Tom Martino after bankruptcy settlement: "It was arrogance mixed with greed"
Last week, we noted that KHOW's Tom Martino was negotiating a bankruptcy settlement for a 2011 Chapter 7 filing on reported debts of $78 million. He's now made a $3.6 million-plus deal that allows him to retain his Troubleshooter network and some pricey doodads. We asked him for a response to this development, and his reply blends rationalization and responsibility. He admits, though, that in some ways, he was his own worst financial enemy.
As we've reported, Martino's creditors included First Citizens Bank, which took over his loans from another institution, Colorado Capital Bank, and International Bank. Three months after his September 2011 filing, he sued both in part to determine if his debt was dischargeable, and also because he felt the banks had implied that, among other things, he'd tried to protect assets from seizure or liquidation by listing them under his wife's name.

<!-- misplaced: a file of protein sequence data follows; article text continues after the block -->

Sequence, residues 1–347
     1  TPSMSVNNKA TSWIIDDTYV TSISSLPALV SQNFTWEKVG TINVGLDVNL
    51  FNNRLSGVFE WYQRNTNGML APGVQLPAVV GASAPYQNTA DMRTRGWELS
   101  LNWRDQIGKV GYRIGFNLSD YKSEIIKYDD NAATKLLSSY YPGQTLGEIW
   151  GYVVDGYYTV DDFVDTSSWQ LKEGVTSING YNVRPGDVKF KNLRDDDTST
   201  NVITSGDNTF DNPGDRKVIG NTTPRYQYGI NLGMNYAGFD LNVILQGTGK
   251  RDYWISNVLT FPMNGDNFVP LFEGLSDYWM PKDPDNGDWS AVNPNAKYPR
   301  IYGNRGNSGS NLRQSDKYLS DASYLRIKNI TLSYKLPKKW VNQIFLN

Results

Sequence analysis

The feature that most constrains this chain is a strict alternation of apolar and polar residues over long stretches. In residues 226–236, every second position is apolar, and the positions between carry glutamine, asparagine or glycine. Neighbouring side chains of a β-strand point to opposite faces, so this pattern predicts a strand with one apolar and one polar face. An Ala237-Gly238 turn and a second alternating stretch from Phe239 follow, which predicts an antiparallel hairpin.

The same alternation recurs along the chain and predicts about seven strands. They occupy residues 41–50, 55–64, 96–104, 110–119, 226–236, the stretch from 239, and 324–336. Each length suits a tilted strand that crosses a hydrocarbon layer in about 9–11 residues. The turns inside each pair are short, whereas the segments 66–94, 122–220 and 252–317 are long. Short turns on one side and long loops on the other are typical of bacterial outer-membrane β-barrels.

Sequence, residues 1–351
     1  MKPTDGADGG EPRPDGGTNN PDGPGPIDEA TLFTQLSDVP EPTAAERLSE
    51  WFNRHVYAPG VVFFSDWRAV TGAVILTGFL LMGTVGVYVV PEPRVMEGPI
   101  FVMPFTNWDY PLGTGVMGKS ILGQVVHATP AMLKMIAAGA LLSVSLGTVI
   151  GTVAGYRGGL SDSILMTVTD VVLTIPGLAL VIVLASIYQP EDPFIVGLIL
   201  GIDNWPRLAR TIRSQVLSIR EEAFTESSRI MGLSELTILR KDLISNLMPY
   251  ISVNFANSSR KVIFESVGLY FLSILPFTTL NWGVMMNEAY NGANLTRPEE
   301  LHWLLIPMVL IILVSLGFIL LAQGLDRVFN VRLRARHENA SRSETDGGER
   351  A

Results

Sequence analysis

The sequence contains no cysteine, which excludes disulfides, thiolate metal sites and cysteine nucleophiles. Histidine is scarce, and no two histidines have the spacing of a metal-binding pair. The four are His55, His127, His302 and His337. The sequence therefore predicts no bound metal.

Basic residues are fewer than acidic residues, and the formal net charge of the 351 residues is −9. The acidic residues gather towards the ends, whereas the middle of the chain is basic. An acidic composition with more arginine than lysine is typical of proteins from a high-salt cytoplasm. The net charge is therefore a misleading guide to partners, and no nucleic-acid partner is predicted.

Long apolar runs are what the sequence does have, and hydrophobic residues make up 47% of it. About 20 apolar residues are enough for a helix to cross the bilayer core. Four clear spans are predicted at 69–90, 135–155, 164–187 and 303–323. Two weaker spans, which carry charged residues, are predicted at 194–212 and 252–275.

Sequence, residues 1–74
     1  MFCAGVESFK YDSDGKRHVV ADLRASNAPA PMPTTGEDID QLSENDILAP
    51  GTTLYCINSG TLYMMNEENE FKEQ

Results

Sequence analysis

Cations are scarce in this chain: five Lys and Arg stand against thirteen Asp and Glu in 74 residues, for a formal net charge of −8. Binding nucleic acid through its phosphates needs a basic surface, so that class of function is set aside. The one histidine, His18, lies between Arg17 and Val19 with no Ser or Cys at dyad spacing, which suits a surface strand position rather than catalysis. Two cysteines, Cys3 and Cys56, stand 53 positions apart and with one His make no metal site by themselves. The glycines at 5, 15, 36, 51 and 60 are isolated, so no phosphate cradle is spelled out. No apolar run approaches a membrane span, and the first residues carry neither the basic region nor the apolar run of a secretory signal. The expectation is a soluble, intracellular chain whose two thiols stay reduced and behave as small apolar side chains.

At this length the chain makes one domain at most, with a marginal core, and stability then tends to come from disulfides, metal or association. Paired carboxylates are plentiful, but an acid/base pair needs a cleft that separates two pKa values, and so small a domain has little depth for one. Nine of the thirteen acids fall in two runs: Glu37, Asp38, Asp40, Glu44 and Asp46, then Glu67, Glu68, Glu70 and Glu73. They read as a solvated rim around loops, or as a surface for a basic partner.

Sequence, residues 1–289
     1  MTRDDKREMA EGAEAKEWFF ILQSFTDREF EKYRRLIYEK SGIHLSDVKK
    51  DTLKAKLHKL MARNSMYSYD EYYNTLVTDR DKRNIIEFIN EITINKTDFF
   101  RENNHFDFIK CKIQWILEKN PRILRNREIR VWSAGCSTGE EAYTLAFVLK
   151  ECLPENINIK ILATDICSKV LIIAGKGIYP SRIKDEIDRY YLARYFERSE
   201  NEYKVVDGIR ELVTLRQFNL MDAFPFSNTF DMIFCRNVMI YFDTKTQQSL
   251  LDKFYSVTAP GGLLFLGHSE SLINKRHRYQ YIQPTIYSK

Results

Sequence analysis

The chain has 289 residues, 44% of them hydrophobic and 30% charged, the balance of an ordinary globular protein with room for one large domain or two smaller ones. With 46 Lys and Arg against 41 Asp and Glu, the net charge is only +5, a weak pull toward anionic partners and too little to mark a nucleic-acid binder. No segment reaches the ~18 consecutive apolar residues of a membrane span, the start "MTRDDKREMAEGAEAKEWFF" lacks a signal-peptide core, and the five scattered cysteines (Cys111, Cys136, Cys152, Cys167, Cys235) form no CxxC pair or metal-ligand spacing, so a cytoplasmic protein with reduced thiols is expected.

Well over a year of back-and-forths and public bickering followed before a trial in regard to the First Citizens lawsuit got underway in January. But on the second day of what looked to be a contentious legal exchange, Martino's team asked the judge to postpone the case to give both sides an opportunity to conduct settlement negotiations that came to fruition this week.
First Citizens Bank & Trust in downtown Denver.
According to the Denver Post, Martino eventually ponied up $3.6 million, with another $1.88 million to be distributed in 36 monthly payments -- and he'll get a $200,000 discount if he hits the $1.68 million mark by the end of 2014.
The transaction leaves the online Troubleshooter Network and Referral List in Martino's possession; they're valued at $450,000. And while he also gets to keep his helicopter and antique airplane, he may not have anywhere especially spiffy to put them, since, as the Post points out, he'd previously parted with his own personal hangar at the behest of a judge.
In an e-mail to Westword, Martino expresses no bitterness about saying goodbye to so much of his wealth to settle the matter.
"From the very beginning of my financial problems in real estate, I desired to settle my debt," he writes. "I owed the money and it was the right thing to do. I basically had three commercial creditors. Two of them bought my debt from failed banks for pennies on the dollar. They will make a handsome profit and deserve it. The other creditor will come close to breaking even.
"I am determined to pay this off as soon as I can," he adds.
Continue for more comments from Tom Martino following his bankruptcy settlement.